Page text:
Persistent Pain

Persistent pain (also called chronic pain), is pain that last longer than the normal healing time. Often this is considered to be pain that last longer than three months. There are numerous persistent pain conditions, including fibromyalgia, lower back pain, migraines, neuropathies, and complex regional pain syndrome. Some persistent pain condition arise from injuries, or underlying health conditions. For other conditions, it might be difficult to ascertain the underlying cause. There is no doubt however that persistent pain can have a big impact on what you are able to do, and this is where occupational therapists can help.

Our occupational therapists can provide a thorough understanding of the impact that pain has on a person’s usual daily functioning. We use occupational therapy tools such as the Canadian Occupational Performance Measure to asses areas of self-care, productivity (work/study) and leisure. We may also objectively assess a person’s ability to perform tasks in many environments, such as at home or work, not just in a clinic.

Following this our occupational Therapists work with people and sometimes their family/carers. We focus on minimising pain, and enabling participation in meaningful activities. Our treatments are relevant to chronic pain in a range of specialist areas not just specifically pain management, but also palliative care, neurological rehabilitation, mental health rehabilitation and occupational (work) rehabilitation. Some of the interventions we may use include:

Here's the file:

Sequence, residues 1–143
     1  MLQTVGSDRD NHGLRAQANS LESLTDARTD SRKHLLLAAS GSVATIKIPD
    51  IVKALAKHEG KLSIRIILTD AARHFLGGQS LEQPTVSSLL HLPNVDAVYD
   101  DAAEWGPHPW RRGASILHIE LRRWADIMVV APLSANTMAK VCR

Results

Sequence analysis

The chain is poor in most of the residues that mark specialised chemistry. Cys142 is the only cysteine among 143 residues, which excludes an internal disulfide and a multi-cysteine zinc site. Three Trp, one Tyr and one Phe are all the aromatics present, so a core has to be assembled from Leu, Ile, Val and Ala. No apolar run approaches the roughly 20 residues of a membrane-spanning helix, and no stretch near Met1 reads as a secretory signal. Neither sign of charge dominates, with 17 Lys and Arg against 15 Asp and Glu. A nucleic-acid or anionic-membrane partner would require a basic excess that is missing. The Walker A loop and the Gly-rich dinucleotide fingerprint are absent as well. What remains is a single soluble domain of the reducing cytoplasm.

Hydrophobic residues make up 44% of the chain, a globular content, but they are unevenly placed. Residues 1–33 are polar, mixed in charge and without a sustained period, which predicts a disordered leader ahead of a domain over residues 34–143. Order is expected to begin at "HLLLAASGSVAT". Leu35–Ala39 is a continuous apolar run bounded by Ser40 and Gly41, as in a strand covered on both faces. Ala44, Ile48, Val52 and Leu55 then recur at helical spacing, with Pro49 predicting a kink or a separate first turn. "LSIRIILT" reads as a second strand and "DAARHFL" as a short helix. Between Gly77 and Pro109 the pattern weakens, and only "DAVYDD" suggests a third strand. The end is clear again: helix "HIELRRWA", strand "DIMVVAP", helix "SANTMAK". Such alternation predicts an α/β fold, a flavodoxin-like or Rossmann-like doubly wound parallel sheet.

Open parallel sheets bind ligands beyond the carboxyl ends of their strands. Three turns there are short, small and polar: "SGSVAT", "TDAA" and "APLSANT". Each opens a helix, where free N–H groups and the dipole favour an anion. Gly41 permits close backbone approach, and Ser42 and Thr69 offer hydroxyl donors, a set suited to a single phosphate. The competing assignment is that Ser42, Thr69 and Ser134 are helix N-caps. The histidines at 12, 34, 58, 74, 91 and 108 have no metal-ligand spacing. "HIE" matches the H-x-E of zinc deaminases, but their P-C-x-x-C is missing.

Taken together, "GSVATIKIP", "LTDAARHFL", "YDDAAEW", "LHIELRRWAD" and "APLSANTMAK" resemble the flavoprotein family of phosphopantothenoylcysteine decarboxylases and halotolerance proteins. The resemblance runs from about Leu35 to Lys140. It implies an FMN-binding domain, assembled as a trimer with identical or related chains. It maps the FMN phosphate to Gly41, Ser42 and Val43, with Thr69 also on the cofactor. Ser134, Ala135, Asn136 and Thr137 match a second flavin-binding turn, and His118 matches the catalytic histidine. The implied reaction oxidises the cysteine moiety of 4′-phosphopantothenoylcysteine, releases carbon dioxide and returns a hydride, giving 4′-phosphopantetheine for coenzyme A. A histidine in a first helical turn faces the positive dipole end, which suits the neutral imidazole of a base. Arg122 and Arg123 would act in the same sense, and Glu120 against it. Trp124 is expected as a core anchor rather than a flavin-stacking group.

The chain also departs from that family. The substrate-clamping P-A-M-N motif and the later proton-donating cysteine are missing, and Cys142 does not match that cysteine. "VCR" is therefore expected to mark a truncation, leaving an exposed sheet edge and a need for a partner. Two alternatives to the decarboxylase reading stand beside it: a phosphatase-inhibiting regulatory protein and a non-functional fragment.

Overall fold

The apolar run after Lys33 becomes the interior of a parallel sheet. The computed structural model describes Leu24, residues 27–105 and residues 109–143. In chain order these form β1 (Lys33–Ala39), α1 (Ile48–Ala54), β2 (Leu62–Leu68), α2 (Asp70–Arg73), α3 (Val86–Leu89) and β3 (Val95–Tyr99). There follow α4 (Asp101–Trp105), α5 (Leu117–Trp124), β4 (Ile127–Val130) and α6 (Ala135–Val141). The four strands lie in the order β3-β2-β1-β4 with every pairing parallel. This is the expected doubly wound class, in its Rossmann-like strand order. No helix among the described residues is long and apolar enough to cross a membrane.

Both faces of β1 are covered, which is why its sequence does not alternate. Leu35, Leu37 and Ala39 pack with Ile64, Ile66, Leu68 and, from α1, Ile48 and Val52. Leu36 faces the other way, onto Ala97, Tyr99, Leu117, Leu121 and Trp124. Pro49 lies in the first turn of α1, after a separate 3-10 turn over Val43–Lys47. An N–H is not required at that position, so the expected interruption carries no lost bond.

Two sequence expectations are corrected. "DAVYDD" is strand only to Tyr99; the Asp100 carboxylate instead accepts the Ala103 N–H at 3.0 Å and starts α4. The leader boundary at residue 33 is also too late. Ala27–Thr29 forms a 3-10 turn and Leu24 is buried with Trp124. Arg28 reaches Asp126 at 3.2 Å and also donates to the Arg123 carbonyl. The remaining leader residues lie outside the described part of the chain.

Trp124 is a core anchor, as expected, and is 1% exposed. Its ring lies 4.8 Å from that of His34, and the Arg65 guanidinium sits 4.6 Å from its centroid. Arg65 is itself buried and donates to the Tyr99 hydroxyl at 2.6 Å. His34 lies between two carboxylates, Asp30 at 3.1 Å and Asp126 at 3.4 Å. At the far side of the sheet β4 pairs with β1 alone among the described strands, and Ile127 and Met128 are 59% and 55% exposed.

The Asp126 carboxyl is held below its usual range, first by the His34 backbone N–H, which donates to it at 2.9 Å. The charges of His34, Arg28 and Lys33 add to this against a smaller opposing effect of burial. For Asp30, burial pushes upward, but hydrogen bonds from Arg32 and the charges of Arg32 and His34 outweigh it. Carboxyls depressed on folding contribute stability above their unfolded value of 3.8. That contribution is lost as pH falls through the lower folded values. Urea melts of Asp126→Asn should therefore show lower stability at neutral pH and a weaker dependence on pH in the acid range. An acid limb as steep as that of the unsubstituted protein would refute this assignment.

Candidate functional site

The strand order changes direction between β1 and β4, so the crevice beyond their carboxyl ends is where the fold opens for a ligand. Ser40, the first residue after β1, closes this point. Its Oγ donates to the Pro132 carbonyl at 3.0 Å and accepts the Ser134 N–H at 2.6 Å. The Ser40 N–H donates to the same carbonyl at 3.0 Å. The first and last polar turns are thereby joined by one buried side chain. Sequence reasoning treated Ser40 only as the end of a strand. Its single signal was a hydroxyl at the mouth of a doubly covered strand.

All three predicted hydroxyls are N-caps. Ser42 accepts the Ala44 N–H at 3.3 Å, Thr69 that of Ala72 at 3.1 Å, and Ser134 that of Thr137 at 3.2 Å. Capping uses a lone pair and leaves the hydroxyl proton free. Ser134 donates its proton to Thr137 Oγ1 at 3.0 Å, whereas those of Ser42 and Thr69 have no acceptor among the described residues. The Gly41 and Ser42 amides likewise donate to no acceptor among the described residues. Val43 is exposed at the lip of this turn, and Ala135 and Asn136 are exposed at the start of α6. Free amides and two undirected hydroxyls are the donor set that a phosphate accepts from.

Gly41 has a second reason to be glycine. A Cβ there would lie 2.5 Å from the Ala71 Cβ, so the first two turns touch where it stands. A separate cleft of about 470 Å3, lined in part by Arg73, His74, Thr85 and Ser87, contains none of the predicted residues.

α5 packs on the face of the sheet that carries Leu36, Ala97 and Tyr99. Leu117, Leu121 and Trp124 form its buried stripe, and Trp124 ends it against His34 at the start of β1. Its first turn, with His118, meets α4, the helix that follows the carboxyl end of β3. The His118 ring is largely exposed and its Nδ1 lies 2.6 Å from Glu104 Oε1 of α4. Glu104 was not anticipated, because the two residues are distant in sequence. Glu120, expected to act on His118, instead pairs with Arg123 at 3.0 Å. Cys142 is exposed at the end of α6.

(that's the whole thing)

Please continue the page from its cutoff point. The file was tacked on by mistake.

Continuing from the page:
1. Neuroscience based pain education
  2. Functional goal setting
  3. Sensory integration/ processing / modulation
  4. Sensory Re-education
  5. Provision of assistive devices to support function
  6. Creation of daily routines to support the adaption of habits and roles
  7. Incorporating psychology based techniques into daily occupations to support pain management such as: goal setting, acceptance and commitment therapy, cognitive restructuring, distraction, relaxation, grief and loss support and mindfulness strategies.
  8. Incorporating current neuroscience evidence into occupational therapy approaches. This includes use of graded motor imagery, body schema distortion, pain empathy, cognitive impairment secondary to pain, effects of poor sleep and medication.
  9. Use of biofeedback techniques to support improved awareness of activity performance. This may include use of mirrors, EMG biofeedback machines, heart rate monitors, activity monitors, Apps and diaries.
  10. Provision of chronic disease self-management approaches such as: joint protection, back care, ergonomic principles d. sleep hygiene, e. energy conservation, pacing education/ self-regulation, flare up management, intimacy and sexuality
  11. Reintegration to work and productive roles.
  12. Reintegration to schooling and study from high school through to university level education.
  13. Community integration – safe access to the community and services, including driving, public transport use and computer use
  14. Facilitate health literacy and advocacy to enable people to explore, locate and access services within their local community that support their mental and physical health.
  15. Interactive neurostimulation.